The names of the players on the last Knicks championship team, the 1972-73 squad, still echo through Madison Square Garden, with six of their jerseys hanging in the rafters. And while he was not one of the stars like Walt Frazier or Willis Reed, Harthorne Wingo was for a time nearly as familiar.
As the Knicks moved from a powerhouse to a struggling franchise, the chants of "De-fense" were swapped with a cry of "Harthorne Wingo," for the popular 6-9 forward. The Knicks announced on Monday that Wingo passed away Saturday at the age of 73.
It was no coincidence that he captured the hearts of New Yorkers and not just for his name. Wingo, who had grown up in North Carolina, was one of the early students to integrate high schools and sports in the state. He then played a year at Friendship Junior College before deciding to move up to New York, where he displayed his athleticism on the courts at Rucker Park. He was named one of the 50 Greatest Players in the Rucker Pro League.
Wingo was invited to play for the Harlem Wizards, but the Knicks pushed him to sign with Allentown of the Eastern League, where he led the team to a championship and won Most Valuable Player honors. The next season he got the call to join the Knicks and was a bit player on that championship team as a rookie.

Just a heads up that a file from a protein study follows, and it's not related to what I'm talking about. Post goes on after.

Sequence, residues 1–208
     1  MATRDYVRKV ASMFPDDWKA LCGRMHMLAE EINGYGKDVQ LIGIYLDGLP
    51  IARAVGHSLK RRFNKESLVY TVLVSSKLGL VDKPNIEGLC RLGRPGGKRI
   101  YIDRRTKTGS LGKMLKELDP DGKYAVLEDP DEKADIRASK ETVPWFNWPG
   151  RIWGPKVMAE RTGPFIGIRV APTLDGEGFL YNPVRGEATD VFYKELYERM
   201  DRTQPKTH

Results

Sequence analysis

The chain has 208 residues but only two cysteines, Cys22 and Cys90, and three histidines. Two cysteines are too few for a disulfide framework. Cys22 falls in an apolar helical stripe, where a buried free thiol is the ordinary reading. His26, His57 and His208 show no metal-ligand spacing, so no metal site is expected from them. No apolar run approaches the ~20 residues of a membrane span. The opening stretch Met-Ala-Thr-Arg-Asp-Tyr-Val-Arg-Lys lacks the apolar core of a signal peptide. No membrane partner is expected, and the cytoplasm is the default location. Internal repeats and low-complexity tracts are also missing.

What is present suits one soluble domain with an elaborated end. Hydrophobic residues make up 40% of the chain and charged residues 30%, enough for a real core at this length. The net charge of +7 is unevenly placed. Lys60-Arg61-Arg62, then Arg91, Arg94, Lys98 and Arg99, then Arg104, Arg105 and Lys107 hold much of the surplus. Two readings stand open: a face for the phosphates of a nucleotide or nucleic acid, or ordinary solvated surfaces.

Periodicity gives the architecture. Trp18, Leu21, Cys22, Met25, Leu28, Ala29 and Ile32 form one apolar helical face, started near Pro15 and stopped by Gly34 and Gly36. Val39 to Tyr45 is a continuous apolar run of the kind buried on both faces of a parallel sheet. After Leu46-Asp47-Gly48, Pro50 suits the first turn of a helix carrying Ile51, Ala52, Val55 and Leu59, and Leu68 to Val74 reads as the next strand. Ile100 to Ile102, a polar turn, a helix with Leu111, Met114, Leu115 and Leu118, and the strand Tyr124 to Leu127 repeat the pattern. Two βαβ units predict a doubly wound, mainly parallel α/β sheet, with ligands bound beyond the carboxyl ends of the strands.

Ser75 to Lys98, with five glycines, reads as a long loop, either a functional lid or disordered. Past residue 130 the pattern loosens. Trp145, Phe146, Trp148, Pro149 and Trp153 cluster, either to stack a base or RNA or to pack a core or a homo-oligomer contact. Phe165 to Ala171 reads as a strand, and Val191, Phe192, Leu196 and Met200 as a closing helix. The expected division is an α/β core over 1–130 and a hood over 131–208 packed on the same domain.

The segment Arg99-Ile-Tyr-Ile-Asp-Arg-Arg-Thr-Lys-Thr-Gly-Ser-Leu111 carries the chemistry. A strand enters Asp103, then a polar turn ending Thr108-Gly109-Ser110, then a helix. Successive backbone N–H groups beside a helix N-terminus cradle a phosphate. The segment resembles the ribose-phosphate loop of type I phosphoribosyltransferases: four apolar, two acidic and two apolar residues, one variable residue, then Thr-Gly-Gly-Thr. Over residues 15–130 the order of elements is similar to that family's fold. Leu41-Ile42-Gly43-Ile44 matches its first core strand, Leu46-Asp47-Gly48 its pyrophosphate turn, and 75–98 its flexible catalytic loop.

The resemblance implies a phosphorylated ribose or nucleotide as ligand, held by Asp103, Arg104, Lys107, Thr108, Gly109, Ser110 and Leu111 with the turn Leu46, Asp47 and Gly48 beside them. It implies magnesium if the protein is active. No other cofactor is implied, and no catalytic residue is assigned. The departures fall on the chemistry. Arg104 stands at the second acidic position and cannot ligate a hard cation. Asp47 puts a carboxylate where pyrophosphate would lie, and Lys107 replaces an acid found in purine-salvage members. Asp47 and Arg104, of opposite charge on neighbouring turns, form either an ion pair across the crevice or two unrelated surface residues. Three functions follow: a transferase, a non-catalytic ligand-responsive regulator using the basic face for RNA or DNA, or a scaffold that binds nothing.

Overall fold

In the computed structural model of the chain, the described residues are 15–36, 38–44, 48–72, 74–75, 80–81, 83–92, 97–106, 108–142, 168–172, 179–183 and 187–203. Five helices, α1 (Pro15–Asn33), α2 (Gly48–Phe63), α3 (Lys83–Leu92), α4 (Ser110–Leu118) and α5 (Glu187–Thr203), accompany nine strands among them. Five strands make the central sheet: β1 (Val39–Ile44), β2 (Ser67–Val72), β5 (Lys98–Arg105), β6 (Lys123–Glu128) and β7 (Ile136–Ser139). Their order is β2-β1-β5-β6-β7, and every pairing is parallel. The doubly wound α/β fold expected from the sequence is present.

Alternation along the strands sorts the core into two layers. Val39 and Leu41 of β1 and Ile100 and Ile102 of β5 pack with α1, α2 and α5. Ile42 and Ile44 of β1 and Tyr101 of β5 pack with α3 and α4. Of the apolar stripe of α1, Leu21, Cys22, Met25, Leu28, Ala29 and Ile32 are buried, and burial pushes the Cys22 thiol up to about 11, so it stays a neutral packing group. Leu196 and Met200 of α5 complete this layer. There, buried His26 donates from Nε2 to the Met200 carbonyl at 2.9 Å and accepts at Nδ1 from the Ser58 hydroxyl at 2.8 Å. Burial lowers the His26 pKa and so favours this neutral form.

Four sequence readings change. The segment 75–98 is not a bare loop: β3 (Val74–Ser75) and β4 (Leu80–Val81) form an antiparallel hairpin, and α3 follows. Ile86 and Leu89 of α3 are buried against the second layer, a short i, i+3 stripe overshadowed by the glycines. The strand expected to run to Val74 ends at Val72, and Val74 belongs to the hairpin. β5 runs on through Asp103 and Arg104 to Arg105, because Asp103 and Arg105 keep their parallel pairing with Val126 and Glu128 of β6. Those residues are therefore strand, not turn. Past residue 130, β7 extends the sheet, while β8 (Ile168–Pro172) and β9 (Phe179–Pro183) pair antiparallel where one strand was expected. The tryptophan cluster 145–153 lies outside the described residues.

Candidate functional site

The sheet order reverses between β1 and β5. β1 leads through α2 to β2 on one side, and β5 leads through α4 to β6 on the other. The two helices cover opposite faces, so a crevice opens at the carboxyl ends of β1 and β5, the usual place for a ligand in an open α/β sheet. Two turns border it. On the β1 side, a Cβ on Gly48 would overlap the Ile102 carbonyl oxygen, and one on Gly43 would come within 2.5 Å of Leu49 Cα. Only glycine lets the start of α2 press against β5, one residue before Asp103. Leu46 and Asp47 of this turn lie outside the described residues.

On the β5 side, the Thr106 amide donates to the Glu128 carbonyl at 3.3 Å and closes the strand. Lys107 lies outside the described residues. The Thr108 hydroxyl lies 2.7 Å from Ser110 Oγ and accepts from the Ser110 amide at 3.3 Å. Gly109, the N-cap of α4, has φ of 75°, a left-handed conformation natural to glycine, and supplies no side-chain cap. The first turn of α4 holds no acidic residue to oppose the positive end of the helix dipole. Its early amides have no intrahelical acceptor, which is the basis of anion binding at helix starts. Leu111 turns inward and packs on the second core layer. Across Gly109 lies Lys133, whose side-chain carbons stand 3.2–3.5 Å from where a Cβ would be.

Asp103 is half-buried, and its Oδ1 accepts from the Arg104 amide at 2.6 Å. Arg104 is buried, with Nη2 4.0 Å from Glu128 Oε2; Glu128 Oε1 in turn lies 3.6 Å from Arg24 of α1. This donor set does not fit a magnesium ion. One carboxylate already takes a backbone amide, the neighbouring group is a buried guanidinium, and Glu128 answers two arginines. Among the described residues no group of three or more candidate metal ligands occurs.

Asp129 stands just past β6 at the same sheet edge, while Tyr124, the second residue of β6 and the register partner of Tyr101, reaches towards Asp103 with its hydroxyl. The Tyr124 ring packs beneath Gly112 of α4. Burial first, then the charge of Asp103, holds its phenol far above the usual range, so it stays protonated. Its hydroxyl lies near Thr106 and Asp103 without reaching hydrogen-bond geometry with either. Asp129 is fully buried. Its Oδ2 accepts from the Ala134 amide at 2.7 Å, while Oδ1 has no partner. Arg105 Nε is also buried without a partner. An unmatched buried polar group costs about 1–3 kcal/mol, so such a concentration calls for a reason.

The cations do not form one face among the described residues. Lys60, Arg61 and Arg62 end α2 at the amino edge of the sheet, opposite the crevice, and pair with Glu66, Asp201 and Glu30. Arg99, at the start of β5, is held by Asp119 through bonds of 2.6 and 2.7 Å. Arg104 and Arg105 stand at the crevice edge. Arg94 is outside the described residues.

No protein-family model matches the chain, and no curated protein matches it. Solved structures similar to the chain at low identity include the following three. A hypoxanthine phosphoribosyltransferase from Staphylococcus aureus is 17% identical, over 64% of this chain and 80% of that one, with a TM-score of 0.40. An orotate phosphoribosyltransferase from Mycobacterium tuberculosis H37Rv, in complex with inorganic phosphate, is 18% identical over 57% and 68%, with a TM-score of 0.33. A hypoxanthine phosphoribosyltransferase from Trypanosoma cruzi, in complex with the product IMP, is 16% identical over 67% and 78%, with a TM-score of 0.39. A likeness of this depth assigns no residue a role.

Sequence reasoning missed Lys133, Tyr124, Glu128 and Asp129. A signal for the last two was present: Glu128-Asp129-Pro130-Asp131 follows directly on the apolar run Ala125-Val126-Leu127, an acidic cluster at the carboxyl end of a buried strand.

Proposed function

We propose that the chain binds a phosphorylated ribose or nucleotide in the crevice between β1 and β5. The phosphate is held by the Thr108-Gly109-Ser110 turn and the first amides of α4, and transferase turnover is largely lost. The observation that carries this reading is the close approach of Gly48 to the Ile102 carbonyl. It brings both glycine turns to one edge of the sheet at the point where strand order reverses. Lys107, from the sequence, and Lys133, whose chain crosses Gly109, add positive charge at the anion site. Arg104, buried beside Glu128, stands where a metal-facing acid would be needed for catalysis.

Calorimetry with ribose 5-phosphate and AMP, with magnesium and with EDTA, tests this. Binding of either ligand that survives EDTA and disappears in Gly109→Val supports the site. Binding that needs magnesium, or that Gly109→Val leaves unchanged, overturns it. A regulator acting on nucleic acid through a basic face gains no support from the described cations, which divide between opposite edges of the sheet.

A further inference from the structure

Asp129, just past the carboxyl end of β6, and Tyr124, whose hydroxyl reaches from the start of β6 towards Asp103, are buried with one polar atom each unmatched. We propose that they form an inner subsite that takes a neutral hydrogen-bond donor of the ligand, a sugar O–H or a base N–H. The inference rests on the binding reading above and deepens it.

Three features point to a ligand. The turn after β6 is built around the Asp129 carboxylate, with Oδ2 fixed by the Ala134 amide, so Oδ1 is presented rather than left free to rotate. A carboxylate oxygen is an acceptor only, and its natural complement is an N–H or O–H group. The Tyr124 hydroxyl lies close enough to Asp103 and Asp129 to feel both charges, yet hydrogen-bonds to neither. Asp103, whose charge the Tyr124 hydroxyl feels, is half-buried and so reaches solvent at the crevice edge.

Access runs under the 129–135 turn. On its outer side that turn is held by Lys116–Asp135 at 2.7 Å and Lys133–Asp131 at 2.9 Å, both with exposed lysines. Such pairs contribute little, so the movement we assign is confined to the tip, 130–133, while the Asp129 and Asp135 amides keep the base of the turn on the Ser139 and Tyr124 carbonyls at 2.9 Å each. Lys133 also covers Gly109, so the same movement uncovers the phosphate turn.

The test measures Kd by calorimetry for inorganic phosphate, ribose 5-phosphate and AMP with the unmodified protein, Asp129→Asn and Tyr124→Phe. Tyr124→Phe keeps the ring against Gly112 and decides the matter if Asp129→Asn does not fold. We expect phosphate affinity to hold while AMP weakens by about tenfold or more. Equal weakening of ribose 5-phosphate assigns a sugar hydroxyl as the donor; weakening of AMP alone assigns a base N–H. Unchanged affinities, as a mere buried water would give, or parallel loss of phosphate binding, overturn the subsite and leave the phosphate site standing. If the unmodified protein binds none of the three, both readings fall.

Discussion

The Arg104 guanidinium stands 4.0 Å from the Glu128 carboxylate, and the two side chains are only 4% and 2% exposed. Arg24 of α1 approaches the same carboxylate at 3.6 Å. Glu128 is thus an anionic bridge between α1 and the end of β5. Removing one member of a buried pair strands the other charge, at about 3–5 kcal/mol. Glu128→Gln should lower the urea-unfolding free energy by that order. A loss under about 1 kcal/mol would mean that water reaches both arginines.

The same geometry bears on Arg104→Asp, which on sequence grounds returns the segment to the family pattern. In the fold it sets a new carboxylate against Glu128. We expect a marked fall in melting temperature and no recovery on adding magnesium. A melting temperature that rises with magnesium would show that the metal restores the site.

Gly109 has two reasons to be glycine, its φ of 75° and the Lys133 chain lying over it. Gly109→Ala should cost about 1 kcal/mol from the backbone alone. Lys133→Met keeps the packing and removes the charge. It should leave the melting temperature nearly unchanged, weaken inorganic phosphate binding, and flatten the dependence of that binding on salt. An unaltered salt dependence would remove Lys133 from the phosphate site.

He played three more seasons with the Knicks, his biggest contributions coming in the 1974-75 season when he averaged 7.4 points, 5.6 rebounds and played 20 minutes per game. In that championship season he was the last player off the bench for Red Holzman, the crowd chanting his name as a sure sign that the game was over. Describing those days in a New York Times story 30 years ago, Frazier said, "In those days, Wingy was on Cloud Nine with the rest of us."
After his time with the Knicks came to an end Wingo played professionally overseas, joining teams in Italy, Switzerland and Argentina. He retired in 1983 and returned to New York where he lived the rest of his life, joining the Knicks for events honoring the 1973 champions.
While he left for the money and opportunity that overseas basketball offered, Wingo remained a cultural touchstone in New York — even finding his name in the lyrics of a Beastie Boys song, "Lay It On Me," which included the line, "My favorite New York Knick was Harthorne Wingo."